Kerry reassures Asia as concerns grow over U.S. fiscal impasse
BANDAR SERI BEGAWAN, Brunei
BANDAR SERI BEGAWAN, Brunei (Reuters) - Secretary of State John Kerry assured Asian nations that the United States was committed to resolving a fiscal impasse as some leaders, including Chinese Premier Li Keqiang, expressed anxiety over the lingering U.S. government shutdown and a possible debt default.
In a meeting on the sidelines of an Asian summit in Brunei, Kerry made clear to Li that the U.S. government shutdown, now in its ninth day, and friction over the U.S. budget "is a moment in Washington politics and reaffirmed the President's commitment to resolving the issue," a senior State Department official said.
The official said the debt issue was "briefly referenced" during the meeting.
China is the biggest holder of U.S. debt and some Chinese officials have raised concerns over a drawn-out crisis in Washington. According to data from the U.S. Treasury, Beijing holds $1.28 trillion of Treasury debt. It also has additional U.S. agency debt.
The U.S. Congress has so far failed to strike a deal to raise the U.S. government's $16.7 trillion borrowing limit, which is set to expire on October 17, roiling markets and pushing the dollar close to its recent eight-month low against other major currencies.
The budget crisis in Washington already forced President Barack Obama to cancel his planned trip to the Asia-Pacific Economic Cooperation summit in Bali, and the East Asia Summit now underway in Brunei.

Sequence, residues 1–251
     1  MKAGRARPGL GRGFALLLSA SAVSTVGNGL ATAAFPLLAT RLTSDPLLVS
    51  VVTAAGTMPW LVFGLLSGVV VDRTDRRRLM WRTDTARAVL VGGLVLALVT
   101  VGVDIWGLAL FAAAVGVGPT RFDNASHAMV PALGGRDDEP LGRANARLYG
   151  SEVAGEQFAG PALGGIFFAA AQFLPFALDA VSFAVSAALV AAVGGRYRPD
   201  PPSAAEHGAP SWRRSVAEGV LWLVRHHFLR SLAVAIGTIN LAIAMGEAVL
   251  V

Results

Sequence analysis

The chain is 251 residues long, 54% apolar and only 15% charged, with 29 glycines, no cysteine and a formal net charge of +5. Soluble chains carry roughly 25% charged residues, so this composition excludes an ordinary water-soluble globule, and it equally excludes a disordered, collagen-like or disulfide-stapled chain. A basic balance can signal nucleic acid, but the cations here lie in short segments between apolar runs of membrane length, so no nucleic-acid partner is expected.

Philippine President Benigno Aquino said the country's central bank had begun to take unspecified steps to cushion the potential impact of a default.
"It's like if the world's biggest economy turns belly-up, how can you actually protect yourself? But I don't think that will happen," he told reporters.
Several diplomats expressed concern about the potential impact on the region's economies and markets if the crisis drags on, particularly if there is no agreement to raise the U.S. debt limit, which could trigger a debt default after October 17.
"The world is worried about it and everyone is bracing for its impact," said a senior Indian official, who declined to be identified.
"There is anxiety ... The longer it goes on, the more risks are magnified in the international financial system."
A chink of light emerged on Wednesday when a Republican leadership aide said U.S. House of Representatives Republicans are considering signing on to a short-term increase in the government's borrowing authority to buy time for negotiations on broader policy measures.
How long of an increase might suffice - a few weeks or a few months - was unclear. But agreement by Republicans and Democrats to raise the debt ceiling would at least stave off a possible default after October 17, when Treasury Secretary Jack Lew has determined the government will no longer be able to borrow.
The 10-member Association of Southeast Asian Nations (ASEAN)did not discuss the U.S. fiscal issue in formal talks on Wednesday, but diplomats said the issue had come up in informal discussions. Several ASEAN economies, including regional giant Indonesia and Malaysia, have seen sharp falls in their currencies in recent months on concerns over an end to the U.S. Federal Reserve's super-easy monetary policy.
"While we want to sound outwardly that we're not concerned about the U.S., we have to take into account all possible impact to our economy ... The U.S. has to get its act together," said a senior Malaysian diplomat.
"Our central bank is monitoring what's happening in the U.S., we are in touch with them."
(Additional reporting by Manuel Mogato; Editing by Stuart Grudgings and Raju Gopalakrishnan)
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